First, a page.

From interfaces to infrastructure: extending ecological interface design to re-design rail level crossings

Gemma J. M. Read, Vanessa Beanland, Neville A. Stanton, Eryn Grant, Nicholas Stevens, Michael G. Lenné, Miles Thomas, Christine M. Mulvihill, Guy H. Walker, Paul M. Salmon

Research output: Contribution to journalArticlepeer-review

4 Citations (Scopus)
89 Downloads (Pure)


Collisions between trains and road vehicles at rail level crossings remain an intractable transport safety issue. This paper describes the application of Rasmussen’s ecological interface design (EID) principles to the development of a novel ‘passive’ rail level crossing prototype design and its evaluation using two driving simulator studies. Study 1 involved the design of the prototype EID crossing. Study 2 compared the EID crossing design with a standard ‘active’ rail level crossing with red flashing lights under normal conditions and Study 3 compared the crossings under conditions of driver distraction and technology failure. The findings show that under normal conditions, the EID crossing produced more cautious speed on approach than the standard design, but similar patterns of decision-making. Under conditions of distraction and failure, participants again demonstrated more cautious speed profiles on approach when encountering the EID design. Importantly, in technology failure conditions, the EID design appeared to encourage participants to engage in higher level problem-solving, which was not seen in response to the standard crossing. It is concluded that the EID crossing may be more able to support adaptive decision-making under conditions of failure or uncertainty.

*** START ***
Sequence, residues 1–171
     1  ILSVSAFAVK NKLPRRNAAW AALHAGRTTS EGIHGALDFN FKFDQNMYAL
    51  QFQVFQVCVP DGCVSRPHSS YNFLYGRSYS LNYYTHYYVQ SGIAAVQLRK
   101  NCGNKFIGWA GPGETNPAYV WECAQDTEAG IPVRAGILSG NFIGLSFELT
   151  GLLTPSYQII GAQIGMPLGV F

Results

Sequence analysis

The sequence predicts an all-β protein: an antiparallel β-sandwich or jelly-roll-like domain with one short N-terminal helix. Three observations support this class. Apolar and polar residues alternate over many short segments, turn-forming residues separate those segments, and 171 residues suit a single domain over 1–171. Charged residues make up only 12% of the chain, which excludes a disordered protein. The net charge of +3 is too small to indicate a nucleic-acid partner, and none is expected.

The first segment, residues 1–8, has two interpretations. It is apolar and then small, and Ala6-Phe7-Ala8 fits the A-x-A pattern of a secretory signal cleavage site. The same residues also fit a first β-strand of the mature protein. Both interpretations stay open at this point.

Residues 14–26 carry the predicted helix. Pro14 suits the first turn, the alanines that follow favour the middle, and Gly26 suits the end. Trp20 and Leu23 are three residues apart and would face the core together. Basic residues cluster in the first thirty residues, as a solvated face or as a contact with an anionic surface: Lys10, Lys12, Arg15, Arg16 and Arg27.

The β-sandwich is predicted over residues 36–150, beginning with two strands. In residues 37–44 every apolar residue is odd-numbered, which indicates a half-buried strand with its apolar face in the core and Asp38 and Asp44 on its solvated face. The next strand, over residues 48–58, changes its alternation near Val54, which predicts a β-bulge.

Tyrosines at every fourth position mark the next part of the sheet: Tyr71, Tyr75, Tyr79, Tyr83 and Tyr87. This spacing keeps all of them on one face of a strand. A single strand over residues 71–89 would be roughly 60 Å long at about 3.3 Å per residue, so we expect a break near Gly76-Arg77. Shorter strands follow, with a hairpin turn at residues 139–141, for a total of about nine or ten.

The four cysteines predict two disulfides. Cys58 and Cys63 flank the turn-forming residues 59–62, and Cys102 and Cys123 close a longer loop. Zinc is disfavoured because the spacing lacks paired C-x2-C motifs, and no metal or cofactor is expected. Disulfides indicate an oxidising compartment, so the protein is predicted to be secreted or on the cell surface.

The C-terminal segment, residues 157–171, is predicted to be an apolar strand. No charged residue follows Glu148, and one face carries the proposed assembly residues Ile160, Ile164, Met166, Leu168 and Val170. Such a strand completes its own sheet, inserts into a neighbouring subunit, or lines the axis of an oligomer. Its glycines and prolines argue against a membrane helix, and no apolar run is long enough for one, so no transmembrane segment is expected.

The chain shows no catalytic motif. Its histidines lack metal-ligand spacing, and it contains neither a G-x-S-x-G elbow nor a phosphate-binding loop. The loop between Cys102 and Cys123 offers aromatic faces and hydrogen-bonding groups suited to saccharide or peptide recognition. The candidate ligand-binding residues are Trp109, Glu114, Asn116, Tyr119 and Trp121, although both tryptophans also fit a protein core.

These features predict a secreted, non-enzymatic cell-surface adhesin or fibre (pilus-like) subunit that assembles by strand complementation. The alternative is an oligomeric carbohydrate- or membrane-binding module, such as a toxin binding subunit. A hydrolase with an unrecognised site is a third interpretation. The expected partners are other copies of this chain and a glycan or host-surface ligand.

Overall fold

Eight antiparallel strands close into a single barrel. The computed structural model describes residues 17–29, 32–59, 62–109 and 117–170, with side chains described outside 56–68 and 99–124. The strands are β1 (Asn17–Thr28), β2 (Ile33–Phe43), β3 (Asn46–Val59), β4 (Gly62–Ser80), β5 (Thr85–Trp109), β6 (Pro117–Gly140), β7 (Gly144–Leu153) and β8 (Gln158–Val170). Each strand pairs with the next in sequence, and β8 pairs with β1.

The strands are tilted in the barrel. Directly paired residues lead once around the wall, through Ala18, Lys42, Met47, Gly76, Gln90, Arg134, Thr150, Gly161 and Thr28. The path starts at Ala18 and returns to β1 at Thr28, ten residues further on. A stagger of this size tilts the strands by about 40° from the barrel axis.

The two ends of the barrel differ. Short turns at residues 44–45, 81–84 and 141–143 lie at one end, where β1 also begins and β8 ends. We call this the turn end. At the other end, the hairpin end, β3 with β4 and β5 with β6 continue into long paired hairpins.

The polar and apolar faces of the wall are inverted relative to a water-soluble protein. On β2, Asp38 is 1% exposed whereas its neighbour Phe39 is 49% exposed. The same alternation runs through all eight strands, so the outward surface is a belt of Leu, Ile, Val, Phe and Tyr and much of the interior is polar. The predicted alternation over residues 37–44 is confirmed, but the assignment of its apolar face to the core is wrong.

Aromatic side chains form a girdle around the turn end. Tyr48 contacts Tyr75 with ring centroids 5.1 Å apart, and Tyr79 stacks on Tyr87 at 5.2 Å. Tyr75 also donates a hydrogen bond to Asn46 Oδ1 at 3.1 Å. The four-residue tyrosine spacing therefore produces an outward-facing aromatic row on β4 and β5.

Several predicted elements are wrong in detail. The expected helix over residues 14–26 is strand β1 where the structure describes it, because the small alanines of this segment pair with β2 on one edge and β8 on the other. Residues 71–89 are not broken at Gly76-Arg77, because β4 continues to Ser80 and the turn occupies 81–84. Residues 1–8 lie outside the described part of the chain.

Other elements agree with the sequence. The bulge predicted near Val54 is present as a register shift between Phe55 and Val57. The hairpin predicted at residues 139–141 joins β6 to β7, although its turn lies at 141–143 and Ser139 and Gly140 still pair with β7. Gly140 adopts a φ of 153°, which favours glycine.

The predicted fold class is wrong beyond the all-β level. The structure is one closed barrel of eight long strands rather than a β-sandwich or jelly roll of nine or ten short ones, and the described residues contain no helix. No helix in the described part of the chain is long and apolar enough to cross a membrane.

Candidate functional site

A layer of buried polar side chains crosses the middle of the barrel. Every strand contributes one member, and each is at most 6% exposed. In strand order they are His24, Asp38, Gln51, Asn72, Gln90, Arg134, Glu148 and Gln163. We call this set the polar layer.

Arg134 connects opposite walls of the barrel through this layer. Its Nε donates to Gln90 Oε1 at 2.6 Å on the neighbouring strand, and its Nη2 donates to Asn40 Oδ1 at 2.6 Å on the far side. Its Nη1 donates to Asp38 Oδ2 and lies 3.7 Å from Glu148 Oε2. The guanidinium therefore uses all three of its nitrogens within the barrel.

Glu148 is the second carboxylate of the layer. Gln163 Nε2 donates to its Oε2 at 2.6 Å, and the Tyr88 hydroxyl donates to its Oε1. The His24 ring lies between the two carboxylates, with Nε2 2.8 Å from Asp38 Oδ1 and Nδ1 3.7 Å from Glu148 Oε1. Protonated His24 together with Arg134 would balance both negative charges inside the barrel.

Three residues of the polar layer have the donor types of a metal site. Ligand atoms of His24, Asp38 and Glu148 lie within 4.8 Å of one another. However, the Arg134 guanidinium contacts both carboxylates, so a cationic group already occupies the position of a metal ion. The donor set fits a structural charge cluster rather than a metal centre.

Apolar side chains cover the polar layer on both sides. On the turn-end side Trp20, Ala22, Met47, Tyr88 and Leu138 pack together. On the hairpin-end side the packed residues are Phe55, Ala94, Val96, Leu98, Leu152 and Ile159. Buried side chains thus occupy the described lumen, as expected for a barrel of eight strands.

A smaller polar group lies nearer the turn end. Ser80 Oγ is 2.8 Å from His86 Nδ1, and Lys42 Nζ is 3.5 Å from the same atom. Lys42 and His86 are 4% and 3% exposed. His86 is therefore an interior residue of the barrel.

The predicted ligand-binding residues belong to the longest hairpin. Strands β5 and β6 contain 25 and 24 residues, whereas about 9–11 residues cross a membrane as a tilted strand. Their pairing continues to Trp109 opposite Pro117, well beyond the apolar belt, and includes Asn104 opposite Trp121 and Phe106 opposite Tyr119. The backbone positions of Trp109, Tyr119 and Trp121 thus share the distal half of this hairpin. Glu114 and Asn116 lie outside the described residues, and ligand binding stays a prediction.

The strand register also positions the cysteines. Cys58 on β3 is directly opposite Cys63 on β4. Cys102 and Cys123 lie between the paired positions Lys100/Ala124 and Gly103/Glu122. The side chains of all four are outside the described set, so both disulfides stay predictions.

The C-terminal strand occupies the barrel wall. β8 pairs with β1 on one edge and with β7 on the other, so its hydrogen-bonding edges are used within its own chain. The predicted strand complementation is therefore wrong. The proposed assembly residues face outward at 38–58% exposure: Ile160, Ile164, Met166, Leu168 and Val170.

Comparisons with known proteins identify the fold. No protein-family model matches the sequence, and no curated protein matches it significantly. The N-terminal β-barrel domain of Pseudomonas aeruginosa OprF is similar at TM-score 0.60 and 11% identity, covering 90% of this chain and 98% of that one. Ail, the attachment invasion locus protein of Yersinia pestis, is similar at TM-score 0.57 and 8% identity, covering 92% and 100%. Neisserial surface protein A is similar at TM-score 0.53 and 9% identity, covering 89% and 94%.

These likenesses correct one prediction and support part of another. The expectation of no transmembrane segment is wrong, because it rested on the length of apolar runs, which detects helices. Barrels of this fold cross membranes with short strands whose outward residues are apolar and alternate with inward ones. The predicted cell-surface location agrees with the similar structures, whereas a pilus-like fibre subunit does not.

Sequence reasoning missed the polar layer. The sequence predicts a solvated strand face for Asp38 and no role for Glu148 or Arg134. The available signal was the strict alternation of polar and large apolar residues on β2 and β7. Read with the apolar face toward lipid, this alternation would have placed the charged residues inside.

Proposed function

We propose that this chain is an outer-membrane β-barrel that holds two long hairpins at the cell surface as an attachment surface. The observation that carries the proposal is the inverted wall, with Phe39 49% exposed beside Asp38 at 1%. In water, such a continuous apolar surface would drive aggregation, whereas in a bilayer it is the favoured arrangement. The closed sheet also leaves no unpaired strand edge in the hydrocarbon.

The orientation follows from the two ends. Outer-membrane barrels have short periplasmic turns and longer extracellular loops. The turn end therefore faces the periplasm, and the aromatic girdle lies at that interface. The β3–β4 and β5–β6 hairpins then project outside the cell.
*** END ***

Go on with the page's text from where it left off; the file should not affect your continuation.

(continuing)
Original languageEnglish
Pages (from-to)3–21
Number of pages19
JournalCognition, Technology and Work
Early online date1 Aug 2019
Publication statusPublished - Feb 2021


  • Driving simulation
  • Ecological interface design
  • Highway-rail grade crossings
  • Rail level crossings
  • Transportation safety

ASJC Scopus subject areas

  • Philosophy
  • Human-Computer Interaction
  • Computer Science Applications


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